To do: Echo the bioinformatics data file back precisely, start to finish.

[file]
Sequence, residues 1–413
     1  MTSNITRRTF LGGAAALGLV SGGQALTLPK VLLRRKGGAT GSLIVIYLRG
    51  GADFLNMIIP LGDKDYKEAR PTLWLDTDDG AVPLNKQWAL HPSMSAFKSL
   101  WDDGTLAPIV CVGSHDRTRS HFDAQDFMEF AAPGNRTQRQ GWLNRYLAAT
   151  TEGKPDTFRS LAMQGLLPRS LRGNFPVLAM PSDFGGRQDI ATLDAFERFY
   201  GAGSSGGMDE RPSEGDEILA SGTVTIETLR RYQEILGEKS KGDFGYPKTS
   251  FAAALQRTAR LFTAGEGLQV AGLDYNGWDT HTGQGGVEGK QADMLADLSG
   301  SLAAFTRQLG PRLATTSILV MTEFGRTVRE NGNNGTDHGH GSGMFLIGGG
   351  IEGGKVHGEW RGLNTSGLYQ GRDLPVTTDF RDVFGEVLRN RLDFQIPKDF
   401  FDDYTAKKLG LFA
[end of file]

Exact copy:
Sequence, residues 1–413
     1  MTSNITRRTF LGGAAALGLV SGGQALTLPK VLLRRKGGAT GSLIVIYLRG
    51  GADFLNMIIP LGDKDYKEAR PTLWLDTDDG AVPLNKQWAL HPSMSAFKSL
   101  WDDGTLAPIV CVGSHDRTRS HFDAQDFMEF AAPGNRTQRQ GWLNRYLAAT
   151  TEGKPDTFRS LAMQGLLPRS LRGNFPVLAM PSDFGGRQDI ATLDAFERFY
   201  GAGSSGGMDE RPSEGDEILA SGTVTIETLR RYQEILGEKS KGDFGYPKTS
   251  FAAALQRTAR LFTAGEGLQV AGLDYNGWDT HTGQGGVEGK QADMLADLSG
   301  SLAAFTRQLG PRLATTSILV MTEFGRTVRE NGNNGTDHGH GSGMFLIGGG
   351  IEGGKVHGEW RGLNTSGLYQ GRDLPVTTDF RDVFGEVLRN RLDFQIPKDF
   401  FDDYTAKKLG LFA